The current coronavirus pandemic has caused increased rates of unemployment, the closure of businesses, and lost income, which is leading to high-stress levels around the globe. As reported by the World Economic Forum, “COVID-19 has brought a second pandemic — financial anxiety.”
Money Is the #1 Cause of Stress Among Americans
Prior to the COVID-19 outbreak, research shows that money is the greatest source of stress for Americans. One survey found that finances were the main source of stress for 44 percent of U.S. residents.
This comes as no surprise, as credit card debt among Americans hit a record high of more than $1 trillion in 2018, according to the Federal Reserve.
Currently, the United States, as well as the rest of the world, is trying to manage added financial stress and anxiety due to COVID-19. The world is experiencing a high risk of economic anxiety. More specifically, as stated in a recent report, economic worries have increased sharply across the United States.
On March 5, 68% of respondents were worried or very worried about the effects of COVID-19 on the U.S. economy. By the 16th of March, this number rose to 88%. In 11 days, respondents’ concerns about personal finances also grew sharply from 47% to 74%.
How to Better Manage Financial Anxiety During COVID-19
First of all, it’s completely normal for you to be feeling anxiety, fear, and even depression during this time. You are facing a unique circumstance at the moment. Practicing social isolation while living in lockdown can make it challenging to cope with these emotions. However, there are steps you can take.
1. Acknowledge your feelings
Feeling stressed and worried is uncomfortable, so it’s not unnatural to want to suppress these feelings. You may try to distract yourself, which can be beneficial, but only for so long. Confronting your emotions can actually be rather positive, as this step can help you better understand what you’re feeling, teaching you how to work with changing emotions.
Although anxiety feels overwhelming and incredibly real, it’s important to remember that what you’re feeling is temporary. You are experiencing a fear of what may happen in the future — bring yourself back to the present. This acknowledgment will allow you to take action to help alleviate your anxiety.
2. Seek support
If you allow yourself to be present, you can face your fears head-on. For example, if your finances have been significantly impacted by COVID-19, you’ll want to seek income support. In order to do so, you’ll need to investigate income-support options available in your state and/or city.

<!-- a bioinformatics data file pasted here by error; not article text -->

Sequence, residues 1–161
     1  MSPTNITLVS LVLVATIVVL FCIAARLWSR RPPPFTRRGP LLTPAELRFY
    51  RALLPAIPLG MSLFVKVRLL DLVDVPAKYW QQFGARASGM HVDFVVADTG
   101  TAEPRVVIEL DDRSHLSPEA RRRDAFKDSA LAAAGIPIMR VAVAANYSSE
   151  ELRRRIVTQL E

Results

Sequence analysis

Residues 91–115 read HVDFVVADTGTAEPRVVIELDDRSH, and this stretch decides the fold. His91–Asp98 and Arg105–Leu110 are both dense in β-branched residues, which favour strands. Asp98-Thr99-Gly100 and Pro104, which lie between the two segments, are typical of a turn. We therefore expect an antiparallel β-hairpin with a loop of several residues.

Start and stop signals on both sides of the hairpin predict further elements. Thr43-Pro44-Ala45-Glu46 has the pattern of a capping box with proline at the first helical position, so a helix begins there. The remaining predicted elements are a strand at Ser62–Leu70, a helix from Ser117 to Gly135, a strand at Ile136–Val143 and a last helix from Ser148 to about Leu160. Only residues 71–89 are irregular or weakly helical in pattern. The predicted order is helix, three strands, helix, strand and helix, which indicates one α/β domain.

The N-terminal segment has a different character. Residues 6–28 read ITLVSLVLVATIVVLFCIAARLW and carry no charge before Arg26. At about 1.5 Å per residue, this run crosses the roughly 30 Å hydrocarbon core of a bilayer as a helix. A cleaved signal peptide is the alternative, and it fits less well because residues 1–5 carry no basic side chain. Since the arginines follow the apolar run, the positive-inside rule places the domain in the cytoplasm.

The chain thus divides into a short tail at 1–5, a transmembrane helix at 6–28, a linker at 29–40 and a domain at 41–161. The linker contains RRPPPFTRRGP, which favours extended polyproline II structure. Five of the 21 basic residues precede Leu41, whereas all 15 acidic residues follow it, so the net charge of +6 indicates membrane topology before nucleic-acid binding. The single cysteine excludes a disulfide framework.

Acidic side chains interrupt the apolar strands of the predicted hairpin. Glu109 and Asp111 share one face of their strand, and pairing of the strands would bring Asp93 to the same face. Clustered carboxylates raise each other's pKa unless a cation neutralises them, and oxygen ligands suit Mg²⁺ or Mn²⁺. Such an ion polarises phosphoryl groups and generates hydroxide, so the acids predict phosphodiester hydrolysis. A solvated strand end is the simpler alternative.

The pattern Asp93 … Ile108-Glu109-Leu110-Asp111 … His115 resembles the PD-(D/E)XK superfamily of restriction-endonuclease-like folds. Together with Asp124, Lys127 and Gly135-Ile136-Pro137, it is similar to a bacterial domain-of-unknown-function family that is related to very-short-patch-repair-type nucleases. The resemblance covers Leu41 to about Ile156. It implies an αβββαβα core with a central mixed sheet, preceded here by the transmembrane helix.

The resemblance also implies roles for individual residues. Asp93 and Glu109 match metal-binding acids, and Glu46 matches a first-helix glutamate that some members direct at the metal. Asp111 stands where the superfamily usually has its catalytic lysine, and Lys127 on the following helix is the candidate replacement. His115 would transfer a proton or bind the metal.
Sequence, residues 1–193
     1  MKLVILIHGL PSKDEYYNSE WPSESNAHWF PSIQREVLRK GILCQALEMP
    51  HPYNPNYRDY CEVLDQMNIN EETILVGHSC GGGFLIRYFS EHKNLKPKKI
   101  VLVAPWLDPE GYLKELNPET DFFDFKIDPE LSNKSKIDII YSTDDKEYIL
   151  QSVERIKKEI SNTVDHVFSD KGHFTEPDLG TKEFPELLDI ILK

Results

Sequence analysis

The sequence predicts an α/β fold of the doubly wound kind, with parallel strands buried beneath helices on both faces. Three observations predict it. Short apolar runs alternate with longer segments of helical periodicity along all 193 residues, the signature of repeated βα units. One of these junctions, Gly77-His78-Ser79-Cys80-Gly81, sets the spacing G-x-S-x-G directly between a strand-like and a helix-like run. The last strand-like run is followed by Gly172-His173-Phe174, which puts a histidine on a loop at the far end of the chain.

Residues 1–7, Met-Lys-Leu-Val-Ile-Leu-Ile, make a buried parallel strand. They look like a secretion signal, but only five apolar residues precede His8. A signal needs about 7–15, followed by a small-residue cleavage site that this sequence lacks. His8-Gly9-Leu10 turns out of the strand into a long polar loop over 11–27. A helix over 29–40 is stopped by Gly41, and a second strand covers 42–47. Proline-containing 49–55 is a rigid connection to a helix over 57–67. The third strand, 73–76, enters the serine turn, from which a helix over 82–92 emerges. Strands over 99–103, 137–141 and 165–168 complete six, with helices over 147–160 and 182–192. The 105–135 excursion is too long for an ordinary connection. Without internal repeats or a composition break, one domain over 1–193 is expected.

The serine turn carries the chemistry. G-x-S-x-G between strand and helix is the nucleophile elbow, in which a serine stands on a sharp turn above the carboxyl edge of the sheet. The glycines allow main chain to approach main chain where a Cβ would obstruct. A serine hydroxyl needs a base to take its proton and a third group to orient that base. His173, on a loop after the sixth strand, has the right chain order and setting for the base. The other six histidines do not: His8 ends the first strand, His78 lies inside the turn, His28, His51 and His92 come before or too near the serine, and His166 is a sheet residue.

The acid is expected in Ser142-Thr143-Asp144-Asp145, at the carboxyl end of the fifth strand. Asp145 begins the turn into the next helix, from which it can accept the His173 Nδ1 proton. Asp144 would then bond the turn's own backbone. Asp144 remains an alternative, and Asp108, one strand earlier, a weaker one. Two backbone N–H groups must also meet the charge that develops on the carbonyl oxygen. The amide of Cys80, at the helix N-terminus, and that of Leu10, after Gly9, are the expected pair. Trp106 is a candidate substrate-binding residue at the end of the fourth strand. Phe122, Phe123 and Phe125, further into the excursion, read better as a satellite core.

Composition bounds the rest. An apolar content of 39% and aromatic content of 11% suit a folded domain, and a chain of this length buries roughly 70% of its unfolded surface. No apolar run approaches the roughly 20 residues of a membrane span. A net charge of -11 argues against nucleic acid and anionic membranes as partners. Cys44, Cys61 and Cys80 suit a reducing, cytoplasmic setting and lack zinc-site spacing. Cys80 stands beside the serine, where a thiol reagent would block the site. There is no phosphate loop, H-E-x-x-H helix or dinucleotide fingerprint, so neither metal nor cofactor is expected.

Also, try to stay up-to-date in terms of new programs and policies, as many of these benefits are just beginning to unfold. Based on your unique circumstances, find out what you’re potentially eligible for and start inquiring. As you increase feelings of control, your anxiety levels will begin to subside.
For emotional support, particularly among those living with an anxiety or mood disorder, know that online therapy is still available.
3. Make a list and prioritize payments
Depending on your situation in terms of employment and bills, you may need to make some significant changes to your payments.
Be mindful of newly developed rules and programs related to rent and mortgage payments. You can also inquire about mortgage and car payment deferral during this time.
Some areas are addressing concerns surrounding utilities, such as hydro and water. Check with your local provider to see if any type of relief is being offered.
4. Address your mental health
Many areas are currently in a state of emergency. That why it’s important to remember that things are different right now — it’s okay to feel unproductive and overwhelmed.
Stop placing so much pressure on yourself. Your mental and physical health should be your top priority. Practice self-care and develop healthy coping strategies, avoiding an increased intake of alcohol and/or unhealthy foods.
Create a new schedule to help you maintain some level of normalcy, implementing meditation and exercise into your routine.
In addition to seeking emotional support, the following resources will help guide you in the right direction in terms of financial support:
- State government websites to learn more about unemployment benefits and financial assistance programs, as well as Career One Stop
- US Department of Labor provides information about medical leave, particularly in relation to the current pandemic
- Small business loans can assist those who require low-interest disaster assistance